Twisted Pair Bus Technical Discussion

This section covers the techinical aspects of twisted pair wiring.

1) Benefits of Twisted Pair Wiring

1) Minimize wire inductance.

2) Maximize digital signal waveform.

3) Reduce radiated noise from the twisted pair into adjacent wires.

4) Reduce inject noise from adjacent wires into the twisted pair.

Items #1 & #2 are about high speed communication.

Items #3 & #4 are about noise prevention.

2) How does Twisted Pair cable wiring work to maintain high speed communication?

It reduces the natural self inductance property of wire. Inductance restricts the speed of the signal you can send down the cable.

Mechanically it involves placing the two loose wires right next to each together that carry SAME signal/power out and back together, we can use the laws of wire physics to solve the inductance problem. Twisting action allows us to take two loose wires and build a tightly spaced pair of wires. The closer the two wires are to each other, the better the inductance reduction in the wire pair.

Physics wise it is all about using the magnetic field that appears around a wire when current is flowing in the wire against itself. The polarity of the magnetic field is tied to the polarity/direction the current is flowing in the wire. If we place the two wires right next to each other, the opposite current flow in each wire will in turn create equal but opposite magnetic fields. The two magnetic fields from each wire will then fight each other and cancel each other out. The cancellation of the magnetic field in wires in turn cancels out the natural inductance in the wires.

The goal using a "Twisted Pair" is to keep the mechanical spacing of the two wires as small and tight as physically possible over the entire length of the cable. The tighter the better. The tight spacing between the wires allows one to take advantage of physical properties of wire and environment they work in to improve communication and control over long cable runs.

3) How does this apply to DCC?

A track bus buy definition two wires tha form a closed loop current path (complete circuit) of the DCC power/signal current going from the booster out to the track and back to the booster. Properly installed, that means the track bus current going down one its two wire comes back on the other wire. So the corresponding magnetic fields within each wire of the bus are:

1) same strength.

2) opposite polarity to each other.

This satisfy the requirement needed for wire inductance cancellation.

4) How well does the inductance cancellation work?

Mechanically the closer the two wires get to each other without shorting each other out, the better. We are talking in terms of millimeters of distance between the two wires. But no matter how close you get the inductance is only minimized and not zero. Why not zero? The magnetic field cancellation is NOT PERFECT. Why not perfect? The wires in the bus cannot occupy the same geometric or mechanical center center line of each other. The two wires bump into each other but cannot occupy the same space at the same time. That means the magnetic fields do not share the exact same dead center alignment of origin or start point. Stated another way, the magnetic fields are offset from one another by the spacing between the wires needed to allow space for wire insulation. The end result is the magnetic field cancellation is NOT PERFECT.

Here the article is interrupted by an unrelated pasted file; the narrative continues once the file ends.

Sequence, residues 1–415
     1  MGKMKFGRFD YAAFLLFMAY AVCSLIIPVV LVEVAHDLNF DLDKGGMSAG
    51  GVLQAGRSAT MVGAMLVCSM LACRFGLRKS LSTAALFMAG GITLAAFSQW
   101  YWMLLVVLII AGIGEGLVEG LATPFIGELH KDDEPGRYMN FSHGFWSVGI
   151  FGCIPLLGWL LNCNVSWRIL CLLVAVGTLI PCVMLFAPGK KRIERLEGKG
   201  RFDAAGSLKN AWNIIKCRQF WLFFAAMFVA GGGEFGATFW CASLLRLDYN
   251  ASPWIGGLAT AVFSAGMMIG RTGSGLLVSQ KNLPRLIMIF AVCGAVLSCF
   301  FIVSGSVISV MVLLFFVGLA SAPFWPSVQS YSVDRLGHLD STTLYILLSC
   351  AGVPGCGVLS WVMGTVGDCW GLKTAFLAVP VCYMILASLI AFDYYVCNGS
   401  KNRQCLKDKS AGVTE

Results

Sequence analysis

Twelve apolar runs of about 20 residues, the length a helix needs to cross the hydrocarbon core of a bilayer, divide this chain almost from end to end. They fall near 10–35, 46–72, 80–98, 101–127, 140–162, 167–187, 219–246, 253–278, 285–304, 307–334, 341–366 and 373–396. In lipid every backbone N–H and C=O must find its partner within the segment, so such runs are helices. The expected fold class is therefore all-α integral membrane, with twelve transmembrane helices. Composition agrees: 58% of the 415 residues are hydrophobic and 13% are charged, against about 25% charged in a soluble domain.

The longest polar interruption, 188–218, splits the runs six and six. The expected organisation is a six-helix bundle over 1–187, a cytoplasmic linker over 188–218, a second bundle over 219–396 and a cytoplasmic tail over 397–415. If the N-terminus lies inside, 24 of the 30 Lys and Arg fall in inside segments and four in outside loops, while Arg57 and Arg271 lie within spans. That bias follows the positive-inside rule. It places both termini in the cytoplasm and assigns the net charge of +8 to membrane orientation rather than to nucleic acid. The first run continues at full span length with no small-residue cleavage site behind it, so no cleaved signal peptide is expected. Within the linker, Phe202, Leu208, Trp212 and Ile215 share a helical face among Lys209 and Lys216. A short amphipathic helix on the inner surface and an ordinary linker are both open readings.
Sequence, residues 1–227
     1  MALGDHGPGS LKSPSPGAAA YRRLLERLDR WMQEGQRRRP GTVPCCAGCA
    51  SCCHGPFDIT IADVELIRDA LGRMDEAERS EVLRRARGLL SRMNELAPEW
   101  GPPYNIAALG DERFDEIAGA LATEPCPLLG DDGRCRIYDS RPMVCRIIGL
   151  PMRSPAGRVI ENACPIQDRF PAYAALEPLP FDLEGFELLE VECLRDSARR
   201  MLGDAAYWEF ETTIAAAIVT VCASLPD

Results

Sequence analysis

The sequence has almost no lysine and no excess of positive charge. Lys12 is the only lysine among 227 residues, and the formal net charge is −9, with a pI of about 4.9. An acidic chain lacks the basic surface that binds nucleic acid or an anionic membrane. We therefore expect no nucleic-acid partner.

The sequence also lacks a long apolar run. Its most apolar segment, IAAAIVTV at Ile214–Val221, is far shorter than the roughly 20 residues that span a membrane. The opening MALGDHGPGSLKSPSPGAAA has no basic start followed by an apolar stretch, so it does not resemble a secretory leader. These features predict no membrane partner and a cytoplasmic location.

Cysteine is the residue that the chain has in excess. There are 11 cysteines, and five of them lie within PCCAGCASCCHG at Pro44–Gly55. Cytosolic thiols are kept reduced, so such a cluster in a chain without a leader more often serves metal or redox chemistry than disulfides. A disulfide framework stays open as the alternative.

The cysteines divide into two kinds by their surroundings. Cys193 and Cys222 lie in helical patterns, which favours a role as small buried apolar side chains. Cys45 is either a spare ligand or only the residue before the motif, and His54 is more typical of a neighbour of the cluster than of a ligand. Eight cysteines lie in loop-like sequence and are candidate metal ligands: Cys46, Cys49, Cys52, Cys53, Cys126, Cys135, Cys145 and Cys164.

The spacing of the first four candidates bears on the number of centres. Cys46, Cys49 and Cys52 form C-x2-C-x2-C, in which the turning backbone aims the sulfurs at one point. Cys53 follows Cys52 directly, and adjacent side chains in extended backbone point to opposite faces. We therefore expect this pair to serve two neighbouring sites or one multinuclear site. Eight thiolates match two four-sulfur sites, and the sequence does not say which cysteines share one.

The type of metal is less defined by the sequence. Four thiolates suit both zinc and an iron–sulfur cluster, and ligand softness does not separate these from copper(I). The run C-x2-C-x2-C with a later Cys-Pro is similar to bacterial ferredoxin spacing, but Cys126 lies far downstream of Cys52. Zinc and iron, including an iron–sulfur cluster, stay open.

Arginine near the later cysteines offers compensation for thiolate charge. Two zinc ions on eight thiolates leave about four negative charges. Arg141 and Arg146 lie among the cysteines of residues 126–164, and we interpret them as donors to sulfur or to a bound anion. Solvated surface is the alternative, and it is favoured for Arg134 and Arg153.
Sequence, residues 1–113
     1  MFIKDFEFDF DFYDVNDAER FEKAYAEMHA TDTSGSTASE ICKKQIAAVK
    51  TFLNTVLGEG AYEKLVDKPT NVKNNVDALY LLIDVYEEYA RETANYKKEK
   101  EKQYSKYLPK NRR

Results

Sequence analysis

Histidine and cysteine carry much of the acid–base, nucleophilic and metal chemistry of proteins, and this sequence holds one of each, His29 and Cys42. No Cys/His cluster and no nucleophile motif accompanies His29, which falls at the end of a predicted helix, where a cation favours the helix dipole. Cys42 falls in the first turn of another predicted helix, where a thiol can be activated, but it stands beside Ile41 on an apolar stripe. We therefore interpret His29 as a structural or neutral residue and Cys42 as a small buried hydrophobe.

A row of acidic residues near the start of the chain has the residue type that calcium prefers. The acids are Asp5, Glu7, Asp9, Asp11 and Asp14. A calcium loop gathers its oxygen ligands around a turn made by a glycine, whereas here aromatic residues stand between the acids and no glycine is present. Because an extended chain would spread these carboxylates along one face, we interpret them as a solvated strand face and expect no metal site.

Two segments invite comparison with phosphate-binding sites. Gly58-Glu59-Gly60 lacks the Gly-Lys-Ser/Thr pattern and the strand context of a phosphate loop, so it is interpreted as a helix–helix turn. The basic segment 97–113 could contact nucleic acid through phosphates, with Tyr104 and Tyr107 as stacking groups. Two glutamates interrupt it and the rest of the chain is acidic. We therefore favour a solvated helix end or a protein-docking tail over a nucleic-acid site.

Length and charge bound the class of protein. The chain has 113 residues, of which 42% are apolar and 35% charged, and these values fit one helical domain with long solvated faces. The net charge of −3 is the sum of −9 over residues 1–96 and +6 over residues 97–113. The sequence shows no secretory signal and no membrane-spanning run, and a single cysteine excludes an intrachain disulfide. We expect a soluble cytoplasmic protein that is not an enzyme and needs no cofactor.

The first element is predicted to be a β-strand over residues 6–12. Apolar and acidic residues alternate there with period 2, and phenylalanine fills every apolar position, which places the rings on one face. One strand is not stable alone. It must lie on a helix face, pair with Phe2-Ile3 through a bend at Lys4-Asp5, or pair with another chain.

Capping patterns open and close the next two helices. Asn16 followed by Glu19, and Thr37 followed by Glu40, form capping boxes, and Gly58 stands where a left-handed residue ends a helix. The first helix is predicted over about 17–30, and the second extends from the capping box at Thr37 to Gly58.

5) How close to the wires need to be to each other to cause inductance cancellation.

What is also true is that the noise rejections and/or emissions get for the cable/bus. This is why we say Twist the Track Bus wiring together. Given it carries the highest current levels and all the electrical noise that trains create running down the track, we need to minimize the magnetic field emissions from the Track Bus wiring. The primary goal of the twisting wires is make sure the two wires that are carrying the same signal/power out and back stay in close proximity over the entire length of the bus run as much as possible. The secondary is the fact the spinning makes sure the two wire on average are the same distance from other parallel wires not related to bus. This further helps deal with noise rejection and emissions.

What makes a bus or wire a potential emission noise source?

When it carries high current! That is why we say keep the high current track bus away from all the other buses that carry low

current (Cab Bus and Control Bus). The less the perfect cancellation allows the noisy bus to transmit noise in the from of a magnetic field to the other bus nearby. Specifically it can attack nearby weaker lower current buses that also have less than perfect cancellation to pick up the noise.

1) How does Twisted Pair cable wiring work to reject noise?

Simple Answer: In "lose wiring" often found in typical layout wiring, a noise source (usually a different wire carrying an unrelated signal) can be physically closer to one member of a wire pair than to the other over an entire wiring-run length. In such cases, more noise (capacitively or inductively) couples to the closer wire than to the more distant one, producing a different noise voltage in one wire relative to the other. This difference in noise level between the wire pair can be large enough to corrupt the data. When you use the twisted pair, the noise source is equally close to each of the wires. Therefore, the two wires pick up roughly equal noise voltages with the same polarity. The "receiver" located at the far end of the cable is looking for a difference signal between the two two wires. Instead it finds the identical noise voltage in both wires and is able to reject this noise voltage because they appear to be the same (no difference) or "common" to both wires. Hence the noise voltage is unable to influence the important "differential" signal being sent down the twisted pair cable.